The Adventures of Fred Earwigian
The Adventures of Fred Earwigian is the nadir of my character-based design process. By this point I had been hammering that character button for a couple of years, expecting my game concepts to magically present themselves at the last moment and allowing the full projects to take form. In this case, that didn’t happen. Why not? Well, let’s see.
Fred Earwigian was not so much a character as a wacky name. I have no memory of its origin; just that the name arose somewhere before high school, and thenceforth again whenever life called for a nom de guerre. Around my third year of high school, the name crossed paths with a domestic catch phrase and inanity was born.
On one return from Russia, my mother imparted a story of crossed communications. One of her hosts had advised her on departure not to forget, as she heard it, her hair. In reality he was speaking of a stuffed rabbit, a gift from one of her Russian friends. The misunderstanding delighted her enough to turn “Don’t forget your hair!” into a common goodbye in my household.
By 1994, my well of ready ideas was dry. I began The Adventures of Fred Earwigian with nothing but the name, and eventually a title screen, expecting intuition to steamroll the rest into existence.
Based on the title graphic, I figured that Fred was rather slow — both physically and mentally. In physique and mannerisms, I envisioned him as a vaudevillian yokel with bits of Charlie Chaplin and Groucho Marx. In personality, my mind went to Steinbeck’s Lennie, from Of Mice and Men. I wasn’t trying to be obscure; these were honestly my cultural references as a teenager. I didn’t get out much.
When one thinks of Lennie, one thinks of rabbits on the farm. When I thought of rabbits, I thought of Fred singing “Don’t fergetcha, don’t fergetcha hare / Ba-dum, ba-dum”.
That became the basis of my game: a bumbling, slow-moving, dim-witted fellow looking for a lost hare. I couldn’t make it work. I couldn’t find the game. I couldn’t find a point to it.
I drew and animated Fred’s sprite, and I recorded him some voice samples. I drew up half a dozen scenarios, none of which fit. The game was stalled.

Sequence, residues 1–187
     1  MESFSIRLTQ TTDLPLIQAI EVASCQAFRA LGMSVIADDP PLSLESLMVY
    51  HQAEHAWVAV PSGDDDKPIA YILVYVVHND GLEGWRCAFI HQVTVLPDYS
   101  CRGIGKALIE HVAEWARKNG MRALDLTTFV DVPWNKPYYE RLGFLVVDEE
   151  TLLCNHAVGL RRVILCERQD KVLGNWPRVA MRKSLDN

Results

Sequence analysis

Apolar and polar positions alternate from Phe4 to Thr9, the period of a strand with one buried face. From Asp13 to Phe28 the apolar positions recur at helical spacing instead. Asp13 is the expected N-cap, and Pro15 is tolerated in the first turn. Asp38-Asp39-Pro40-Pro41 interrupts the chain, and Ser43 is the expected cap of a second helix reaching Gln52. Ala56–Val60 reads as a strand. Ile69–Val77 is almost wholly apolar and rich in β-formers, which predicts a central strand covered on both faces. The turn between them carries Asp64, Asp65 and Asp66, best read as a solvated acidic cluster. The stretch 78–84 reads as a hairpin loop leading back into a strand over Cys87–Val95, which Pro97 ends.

I threw the character sprite and title screen together with a map and background tiles from Sample, and uploaded the mess to the Frontline BBS in Rockport. With the files I included a document pitching Fred Earwigian as a design contest. Whoever made the best game out of the available materials would win something or other. No one bothered. Quite understandable.
You’d think that my experience with Fred Earwigian would have taught me something, but any wisdom was a good decade off yet. In the meanwhile I had mistakes to burn.
Fred Earwigian is a REALLY boring guy. He's lost his only interest, his pet hare, Myran. Fred left him someplace, and can't find him.
Fred likes avacado juice and mushrooms. These would be good items. A suggested method of attack is throwing certain mushrooms. Others could be eaten.
These are pieces of gameware put out to you by A-J Games for use in making a game based on the enclosed material. Please do not modify the character set, character blocks, or .voc files. You may edit the sound set by adding additional sounds and may edit the title screen by adding your name or converting it to another palette. What you are to do is make background blocks, monsters, maps, items, challenges, and all that stuff for Fred to go through, write your own interpretation of the storyline, and add a good ending, instructions, and credits. The game must have at least two levels.
When you think you are done, and have done the best job you can, please upload your finished product onto the Game-Maker BBS. The one with the best game will get a free copy of our entire library, including the never-before-released Return of A-J.
Note: This is just a "contest", seeing who can do the best with the supplied materials, and the game will not be released unless the winner requests it to be. In that case, he will have full credit to it, as long as he mentions in the credits that Fred Earwigian is a copyright of A-J Games and has the A-J Games logo somewhere in the GMTITLE.GIF screen.
Character, Concept, Sound, Animation: Aderack
Game Engine: Recreational Software Designs
Everything Else: Your Name Here
During the early 1990s this game was available for download from GameLynk's Frontline BBS.
Fred Earwigian was retained as part of the archive from the game's inception.